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Athletic Training Clinical Proficiencies

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Title: Athletic Training Clinical Proficiencies


1
Athletic Training Clinical Proficiencies
  • By
  • Sue Shapiro, Ed.D.,L/ATC
  • Clinical Coordinator/Assistant Professor
  • Barry University
  • Miami Shores, Florida

2
Objectives
  • Implementation of clinical proficiencies
  • Linking the didactic and clinical components
  • Clinical proficiency delineation
  • Integrative evaluation strategies/tools

3
Competency-Based Objectives
4
Nothing becomes real for the student until it is
EXPERIENCED
5
CROSSING THE BRIDGE
COMPENTENCY BASED
HOURLY BASED
6
Competency-Based Instruction
  • Identifies the professional roles students will
    assume upon completion
  • Determines what constitutes effective
    performances within these roles

7
Learning Cognitive Information in Isolation
8
Merging of Didactic and Clinical Components
DIDACTIC
CLINICAL
9
Flexible Clinical Scheduling is a Prerequisite
toCompetency-BasedProgression
10
Flexible Clinical Scheduling Should
  • Provide open laboratory practice
  • Encourage advanced students to practice and teach
    fellow students in a controlled environment other
    than the clinical setting

11
Clinical Proficiency Preparation
  • First Phase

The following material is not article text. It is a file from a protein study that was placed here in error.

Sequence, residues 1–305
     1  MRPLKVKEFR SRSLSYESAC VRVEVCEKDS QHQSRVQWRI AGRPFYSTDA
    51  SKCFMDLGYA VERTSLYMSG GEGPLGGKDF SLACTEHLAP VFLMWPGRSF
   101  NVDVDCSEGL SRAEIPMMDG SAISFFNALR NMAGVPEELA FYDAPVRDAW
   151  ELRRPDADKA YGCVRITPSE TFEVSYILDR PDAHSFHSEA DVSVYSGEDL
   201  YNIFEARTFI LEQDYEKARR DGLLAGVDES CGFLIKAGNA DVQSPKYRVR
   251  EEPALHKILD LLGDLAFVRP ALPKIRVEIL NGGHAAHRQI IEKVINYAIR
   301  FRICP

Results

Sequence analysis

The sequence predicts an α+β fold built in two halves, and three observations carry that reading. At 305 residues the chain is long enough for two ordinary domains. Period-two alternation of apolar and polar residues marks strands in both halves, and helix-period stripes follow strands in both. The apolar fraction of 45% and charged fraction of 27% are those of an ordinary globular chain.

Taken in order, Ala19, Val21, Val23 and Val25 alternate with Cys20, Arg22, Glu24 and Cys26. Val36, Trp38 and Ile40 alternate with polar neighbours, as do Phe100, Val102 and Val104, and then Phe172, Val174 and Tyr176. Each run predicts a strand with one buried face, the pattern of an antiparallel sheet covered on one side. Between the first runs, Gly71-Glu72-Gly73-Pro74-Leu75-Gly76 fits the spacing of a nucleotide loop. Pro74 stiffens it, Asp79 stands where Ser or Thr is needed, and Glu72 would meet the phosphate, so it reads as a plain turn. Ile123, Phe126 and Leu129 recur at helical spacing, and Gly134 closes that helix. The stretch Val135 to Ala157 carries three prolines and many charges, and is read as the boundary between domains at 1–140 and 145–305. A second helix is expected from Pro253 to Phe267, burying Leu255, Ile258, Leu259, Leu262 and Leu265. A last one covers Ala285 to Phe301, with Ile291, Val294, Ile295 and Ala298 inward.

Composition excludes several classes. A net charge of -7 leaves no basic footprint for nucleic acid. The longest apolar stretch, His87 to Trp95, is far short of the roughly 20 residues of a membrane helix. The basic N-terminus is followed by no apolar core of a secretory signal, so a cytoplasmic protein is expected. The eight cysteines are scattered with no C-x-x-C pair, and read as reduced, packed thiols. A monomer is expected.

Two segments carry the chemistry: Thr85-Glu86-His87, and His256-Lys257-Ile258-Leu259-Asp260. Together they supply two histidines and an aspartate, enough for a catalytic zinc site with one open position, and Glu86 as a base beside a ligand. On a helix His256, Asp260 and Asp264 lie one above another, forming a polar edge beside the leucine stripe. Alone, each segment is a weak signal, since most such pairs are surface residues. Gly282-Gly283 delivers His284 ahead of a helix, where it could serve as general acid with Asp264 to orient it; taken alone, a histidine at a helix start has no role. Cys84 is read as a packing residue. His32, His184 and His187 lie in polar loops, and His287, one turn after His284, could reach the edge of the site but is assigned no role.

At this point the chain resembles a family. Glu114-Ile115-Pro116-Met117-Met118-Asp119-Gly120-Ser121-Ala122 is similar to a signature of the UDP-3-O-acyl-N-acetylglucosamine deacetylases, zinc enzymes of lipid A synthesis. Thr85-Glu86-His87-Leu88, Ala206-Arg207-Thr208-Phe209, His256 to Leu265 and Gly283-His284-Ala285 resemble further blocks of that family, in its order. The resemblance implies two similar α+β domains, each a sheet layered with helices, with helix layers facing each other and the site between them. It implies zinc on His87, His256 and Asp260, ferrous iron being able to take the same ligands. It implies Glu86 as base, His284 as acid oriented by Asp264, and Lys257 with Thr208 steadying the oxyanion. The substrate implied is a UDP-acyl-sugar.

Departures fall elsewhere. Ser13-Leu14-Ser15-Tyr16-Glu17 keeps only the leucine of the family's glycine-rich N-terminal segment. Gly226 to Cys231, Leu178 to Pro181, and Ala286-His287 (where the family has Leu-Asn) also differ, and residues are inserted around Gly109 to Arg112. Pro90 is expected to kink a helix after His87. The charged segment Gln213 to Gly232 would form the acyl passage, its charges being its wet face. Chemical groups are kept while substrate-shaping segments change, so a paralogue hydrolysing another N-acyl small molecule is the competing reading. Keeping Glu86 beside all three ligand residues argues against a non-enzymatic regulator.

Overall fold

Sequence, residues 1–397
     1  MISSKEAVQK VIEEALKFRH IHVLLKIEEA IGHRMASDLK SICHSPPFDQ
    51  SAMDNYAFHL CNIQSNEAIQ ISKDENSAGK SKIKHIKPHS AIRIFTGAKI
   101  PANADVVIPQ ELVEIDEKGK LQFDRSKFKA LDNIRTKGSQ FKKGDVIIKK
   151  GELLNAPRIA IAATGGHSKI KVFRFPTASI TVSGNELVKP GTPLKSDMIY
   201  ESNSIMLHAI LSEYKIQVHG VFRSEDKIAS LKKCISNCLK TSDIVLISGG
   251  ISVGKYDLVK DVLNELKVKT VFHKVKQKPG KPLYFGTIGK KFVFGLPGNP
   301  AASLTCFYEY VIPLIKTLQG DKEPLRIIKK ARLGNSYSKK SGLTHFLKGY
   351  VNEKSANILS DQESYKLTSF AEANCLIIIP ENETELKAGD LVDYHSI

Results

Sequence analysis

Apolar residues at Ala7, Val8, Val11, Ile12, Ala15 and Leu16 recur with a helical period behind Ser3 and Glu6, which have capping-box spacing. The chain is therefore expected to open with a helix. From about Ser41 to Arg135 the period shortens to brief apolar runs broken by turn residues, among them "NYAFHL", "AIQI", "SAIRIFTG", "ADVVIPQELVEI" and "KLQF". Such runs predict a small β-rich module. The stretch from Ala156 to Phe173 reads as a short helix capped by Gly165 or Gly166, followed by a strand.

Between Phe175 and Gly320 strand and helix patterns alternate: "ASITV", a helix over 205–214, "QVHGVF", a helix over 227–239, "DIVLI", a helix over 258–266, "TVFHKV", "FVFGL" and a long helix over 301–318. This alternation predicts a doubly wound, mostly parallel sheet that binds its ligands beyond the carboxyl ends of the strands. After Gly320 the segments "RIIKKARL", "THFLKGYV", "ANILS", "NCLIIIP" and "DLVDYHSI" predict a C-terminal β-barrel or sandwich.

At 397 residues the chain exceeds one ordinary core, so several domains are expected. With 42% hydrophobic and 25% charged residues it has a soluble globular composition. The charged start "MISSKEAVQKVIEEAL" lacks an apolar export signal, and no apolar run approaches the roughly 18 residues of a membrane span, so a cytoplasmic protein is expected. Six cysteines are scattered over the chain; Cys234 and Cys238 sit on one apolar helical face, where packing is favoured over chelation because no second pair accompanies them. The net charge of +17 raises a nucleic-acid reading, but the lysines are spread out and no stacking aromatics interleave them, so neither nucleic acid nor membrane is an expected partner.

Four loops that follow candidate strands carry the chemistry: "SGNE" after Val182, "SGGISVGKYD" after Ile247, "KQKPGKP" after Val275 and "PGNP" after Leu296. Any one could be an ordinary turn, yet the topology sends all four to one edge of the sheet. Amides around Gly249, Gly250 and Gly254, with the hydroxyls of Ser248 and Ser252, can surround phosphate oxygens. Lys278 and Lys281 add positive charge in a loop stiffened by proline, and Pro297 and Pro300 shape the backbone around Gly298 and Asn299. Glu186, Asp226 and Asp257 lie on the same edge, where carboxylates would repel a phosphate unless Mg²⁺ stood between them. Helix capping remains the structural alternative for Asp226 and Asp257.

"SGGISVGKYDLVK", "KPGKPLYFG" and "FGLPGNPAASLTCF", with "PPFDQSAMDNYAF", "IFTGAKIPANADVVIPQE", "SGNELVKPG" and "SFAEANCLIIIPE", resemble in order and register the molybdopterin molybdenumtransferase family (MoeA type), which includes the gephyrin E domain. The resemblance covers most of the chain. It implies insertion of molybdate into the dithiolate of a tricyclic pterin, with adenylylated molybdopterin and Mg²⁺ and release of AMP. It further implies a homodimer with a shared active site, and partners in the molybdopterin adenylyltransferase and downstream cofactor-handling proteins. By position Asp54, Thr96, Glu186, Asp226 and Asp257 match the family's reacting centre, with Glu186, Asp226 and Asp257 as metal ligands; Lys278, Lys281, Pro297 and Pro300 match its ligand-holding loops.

• Formulate a student portfolio

12
Student Portfolio Matrix
13
Clinical Proficiency Preparation
  • Second Phase
  • Formulate a matrix of the didactic courses in the
    athletic training program

14
Didactic Course Matrix
15
Didactic Course Matrix
16
Clinical Proficiency Preparation
  • Third Phase
  • Formulation of Clinical Hours Matrix

17
Clinical Hours Matrix
18
Clinical Proficiency Preparation
  • Fourth Phase
  • Clinical Proficiency Matrix

19
Clinical Proficiency Matrix
20
Clinical Proficiency Matrix
21
Clinical Proficiency Matrix
22
Clinical Proficiencies
  • Individual skills
  • Subset skills taught together

23
Lower Extremity Clinical Proficiency
  • Individual Subset Skills
  • Pelvic obliquity
  • Tibial torsion
  • Hip anteversion and retroversion
  • Genu valgum,varum, and recurvatum
  • Rearfoot valgus and varus
  • Forefoot valgus and varus
  • Pes cavus and planus
  • Foot and toe posture
  • Grouped Subset Skills
  • Lower Extremity Postural Deviations and
    Predisposing Conditions

24
 
Good Posture Part
Faulty Posture
I NI
25
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26
  • Pelvic Obliquity
  • Purpose To identify abnormal pelvic alignment
    that can lead to leg length discrepancies.
  •  
  • Proper Identification Procedures for Pelvic
    Obliquity
  • The ACI will observe the student athletic trainer
    performing a pelvic obliquity check.
  •  


Completed Pelvic Obliquity Observation

Pass Fail
27
  • Hip Anteversion and Retroversion
  • Purpose To identify abnormal rotational
    malalignments of the femur in relation to the
    femoral neck.
  •  
  • Proper Testing for Femoral Rotation The ACI will
    observe the student athletic trainer performing
    observational and orthopedic testing of the hip
    for anteversion and retroversion.



  • P
    NP